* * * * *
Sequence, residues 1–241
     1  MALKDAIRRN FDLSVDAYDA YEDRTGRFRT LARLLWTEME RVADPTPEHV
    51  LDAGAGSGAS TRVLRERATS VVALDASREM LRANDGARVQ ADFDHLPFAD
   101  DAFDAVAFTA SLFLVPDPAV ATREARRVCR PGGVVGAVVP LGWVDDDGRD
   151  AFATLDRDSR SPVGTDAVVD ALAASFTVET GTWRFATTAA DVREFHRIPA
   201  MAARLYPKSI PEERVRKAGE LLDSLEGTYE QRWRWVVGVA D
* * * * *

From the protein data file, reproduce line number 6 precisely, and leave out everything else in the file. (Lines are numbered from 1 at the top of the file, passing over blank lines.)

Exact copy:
   201  MAARLYPKSI PEERVRKAGE LLDSLEGTYE QRWRWVVGVA D